One thing I loved about our church was that for at least most of the service I was able to worship without my two boys wiggling beside me. However, from the time they joined me during the "Peace" onward was always a challenge.
Most disturbing of all to me was the way my boys behaved during communion. They wrestled each other on the way to the altar, ate the bread and then walked away before they could be blessed or take a sip from the chalice, and, more often than not, one of them would place his nametag on my rear end and giggle as I stood there with my back to the congregation.
I mentioned my frustrations to Laura Gianello who was the Sunday School Director at the time, and soon after she let me know that Bruce would be presenting a communion workshop for children. Perfect! I thought.
Sean and Ryan were less enthusiastic about going to church on a Saturday and grumbled heartily the whole way there. When we got to church Bruce and Laura were in the kitchen laying out all the ingredients for making communion bread. The boys put on polite, if not friendly faces and I left them - thinking they would be more cooperative if I wasn't there. I left for an hour or so, and when I returned everyone was in the sacristy where Pat Henderson was showing them the priest's vestments and the altar cloths. The boys were the only children there, listening quietly, even intently. Then Bruce led everyone back to the kitchen for the communion bread they had baked.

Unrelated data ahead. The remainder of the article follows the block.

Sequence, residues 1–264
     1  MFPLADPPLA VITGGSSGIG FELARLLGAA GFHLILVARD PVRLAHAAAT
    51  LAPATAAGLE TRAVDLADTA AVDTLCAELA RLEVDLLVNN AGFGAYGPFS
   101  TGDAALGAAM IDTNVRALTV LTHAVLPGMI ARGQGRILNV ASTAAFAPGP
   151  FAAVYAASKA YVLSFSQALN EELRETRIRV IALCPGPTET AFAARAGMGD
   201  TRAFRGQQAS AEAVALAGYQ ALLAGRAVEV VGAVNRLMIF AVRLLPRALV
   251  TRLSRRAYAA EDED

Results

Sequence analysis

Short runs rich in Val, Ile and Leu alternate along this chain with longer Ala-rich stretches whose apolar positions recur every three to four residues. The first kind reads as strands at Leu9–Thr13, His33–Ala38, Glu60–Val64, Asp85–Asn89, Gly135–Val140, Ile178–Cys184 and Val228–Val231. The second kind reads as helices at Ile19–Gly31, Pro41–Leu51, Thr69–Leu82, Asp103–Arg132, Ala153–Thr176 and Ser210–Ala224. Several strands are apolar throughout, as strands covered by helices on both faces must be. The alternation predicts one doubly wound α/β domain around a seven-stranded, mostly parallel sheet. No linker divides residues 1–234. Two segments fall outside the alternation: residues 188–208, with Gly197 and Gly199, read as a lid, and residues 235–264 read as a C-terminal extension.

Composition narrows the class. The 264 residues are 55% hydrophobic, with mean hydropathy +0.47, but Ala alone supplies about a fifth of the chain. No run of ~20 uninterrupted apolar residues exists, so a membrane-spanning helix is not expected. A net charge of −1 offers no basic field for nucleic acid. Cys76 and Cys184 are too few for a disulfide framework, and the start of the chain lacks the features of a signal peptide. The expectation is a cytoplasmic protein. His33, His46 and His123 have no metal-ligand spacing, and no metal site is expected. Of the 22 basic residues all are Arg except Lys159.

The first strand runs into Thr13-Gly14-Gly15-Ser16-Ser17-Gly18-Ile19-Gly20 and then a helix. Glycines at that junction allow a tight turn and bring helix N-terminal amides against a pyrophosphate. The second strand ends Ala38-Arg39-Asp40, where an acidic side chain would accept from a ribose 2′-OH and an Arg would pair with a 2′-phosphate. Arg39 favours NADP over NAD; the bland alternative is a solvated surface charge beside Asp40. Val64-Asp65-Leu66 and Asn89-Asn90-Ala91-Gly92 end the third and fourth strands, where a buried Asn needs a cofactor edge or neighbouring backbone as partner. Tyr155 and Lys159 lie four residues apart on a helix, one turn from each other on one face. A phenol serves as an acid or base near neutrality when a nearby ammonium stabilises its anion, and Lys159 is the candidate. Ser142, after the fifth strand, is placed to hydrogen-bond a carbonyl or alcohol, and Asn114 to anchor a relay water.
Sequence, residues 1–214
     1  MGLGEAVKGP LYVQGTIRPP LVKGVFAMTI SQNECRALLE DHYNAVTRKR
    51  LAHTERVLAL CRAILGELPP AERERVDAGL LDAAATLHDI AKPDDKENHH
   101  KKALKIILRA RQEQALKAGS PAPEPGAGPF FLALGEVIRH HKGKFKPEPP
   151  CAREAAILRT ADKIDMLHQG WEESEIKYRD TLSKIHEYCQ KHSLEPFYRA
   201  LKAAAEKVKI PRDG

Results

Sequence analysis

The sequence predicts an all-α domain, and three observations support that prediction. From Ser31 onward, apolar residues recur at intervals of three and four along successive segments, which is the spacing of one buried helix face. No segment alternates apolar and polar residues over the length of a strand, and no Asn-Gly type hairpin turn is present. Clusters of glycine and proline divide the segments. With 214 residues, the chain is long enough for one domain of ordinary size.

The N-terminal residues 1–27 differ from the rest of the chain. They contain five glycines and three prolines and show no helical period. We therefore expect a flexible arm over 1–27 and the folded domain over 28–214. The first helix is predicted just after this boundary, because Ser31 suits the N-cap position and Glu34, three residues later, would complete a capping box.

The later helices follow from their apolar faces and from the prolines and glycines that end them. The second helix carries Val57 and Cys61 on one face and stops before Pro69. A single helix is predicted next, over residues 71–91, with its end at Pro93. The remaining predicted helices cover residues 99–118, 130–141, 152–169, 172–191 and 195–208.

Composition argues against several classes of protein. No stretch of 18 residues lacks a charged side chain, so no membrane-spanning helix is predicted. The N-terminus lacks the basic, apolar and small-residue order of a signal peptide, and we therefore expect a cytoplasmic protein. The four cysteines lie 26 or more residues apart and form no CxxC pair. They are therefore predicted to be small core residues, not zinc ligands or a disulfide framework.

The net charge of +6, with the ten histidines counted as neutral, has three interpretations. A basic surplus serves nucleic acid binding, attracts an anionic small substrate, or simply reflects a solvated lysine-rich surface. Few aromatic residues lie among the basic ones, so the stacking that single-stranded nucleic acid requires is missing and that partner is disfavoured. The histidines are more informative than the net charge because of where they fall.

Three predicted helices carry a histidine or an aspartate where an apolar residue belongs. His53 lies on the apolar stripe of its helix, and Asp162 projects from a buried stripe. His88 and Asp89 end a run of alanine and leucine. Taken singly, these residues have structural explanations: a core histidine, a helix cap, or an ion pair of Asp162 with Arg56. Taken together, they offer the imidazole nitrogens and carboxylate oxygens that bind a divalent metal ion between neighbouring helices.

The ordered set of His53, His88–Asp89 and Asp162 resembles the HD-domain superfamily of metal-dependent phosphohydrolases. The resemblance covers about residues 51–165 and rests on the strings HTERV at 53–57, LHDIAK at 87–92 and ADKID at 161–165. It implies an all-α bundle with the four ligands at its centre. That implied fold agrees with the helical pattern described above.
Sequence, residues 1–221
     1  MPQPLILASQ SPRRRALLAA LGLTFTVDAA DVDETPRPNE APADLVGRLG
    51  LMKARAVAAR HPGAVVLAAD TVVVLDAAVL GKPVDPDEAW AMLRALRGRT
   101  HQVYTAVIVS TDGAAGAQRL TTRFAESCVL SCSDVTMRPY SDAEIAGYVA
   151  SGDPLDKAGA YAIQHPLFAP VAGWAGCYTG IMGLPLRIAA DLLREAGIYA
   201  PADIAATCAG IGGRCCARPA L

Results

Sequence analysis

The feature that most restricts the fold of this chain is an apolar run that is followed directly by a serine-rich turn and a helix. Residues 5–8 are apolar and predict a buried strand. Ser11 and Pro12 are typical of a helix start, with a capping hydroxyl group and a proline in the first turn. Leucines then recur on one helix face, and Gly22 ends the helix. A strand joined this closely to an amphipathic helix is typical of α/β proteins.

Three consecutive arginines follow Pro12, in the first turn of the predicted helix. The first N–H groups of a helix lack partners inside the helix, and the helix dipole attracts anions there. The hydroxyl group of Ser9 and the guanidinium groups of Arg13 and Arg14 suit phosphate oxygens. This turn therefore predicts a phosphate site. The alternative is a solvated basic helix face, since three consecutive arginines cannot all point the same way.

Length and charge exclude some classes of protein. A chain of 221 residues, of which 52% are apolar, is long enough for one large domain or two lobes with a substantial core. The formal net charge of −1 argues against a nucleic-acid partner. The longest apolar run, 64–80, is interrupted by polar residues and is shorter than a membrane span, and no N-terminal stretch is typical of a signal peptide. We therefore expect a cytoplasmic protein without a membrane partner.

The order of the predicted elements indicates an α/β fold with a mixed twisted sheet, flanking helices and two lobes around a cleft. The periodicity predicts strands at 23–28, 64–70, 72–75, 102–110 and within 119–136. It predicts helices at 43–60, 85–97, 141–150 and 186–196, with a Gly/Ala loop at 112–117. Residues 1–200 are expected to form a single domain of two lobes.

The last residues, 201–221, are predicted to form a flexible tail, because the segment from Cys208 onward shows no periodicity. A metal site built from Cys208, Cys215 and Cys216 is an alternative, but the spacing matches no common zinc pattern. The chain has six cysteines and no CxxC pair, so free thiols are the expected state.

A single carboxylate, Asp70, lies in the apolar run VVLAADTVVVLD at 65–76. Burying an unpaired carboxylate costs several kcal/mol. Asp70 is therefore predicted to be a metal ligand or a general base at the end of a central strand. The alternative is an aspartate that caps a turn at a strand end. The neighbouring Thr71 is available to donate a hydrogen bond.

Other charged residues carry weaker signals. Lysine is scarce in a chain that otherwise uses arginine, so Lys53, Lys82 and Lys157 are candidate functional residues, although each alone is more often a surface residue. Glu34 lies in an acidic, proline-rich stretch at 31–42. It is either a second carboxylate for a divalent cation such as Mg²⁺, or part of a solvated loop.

I felt a little guilty. I thought a lot of the children were going to be there, not just mine, but Bruce and Laura acted like there was nothing more important in the world at that moment than eating communion bread with my boys.
I think that the boys were a little more reverent when they went up for communion. And though, I admit, occasionally I still found a name tag stuck to the back of my pants at the end of the day, I could tell that they had gained something from their Saturday in the church kitchen. Maybe not so much because they had developed a greater understanding of the sacrament of communion, but because they were made to feel that the ritual was theirs, that they were an important part of the church, important enough for its leaders to take time out from a busy Saturday to make communion bread for them.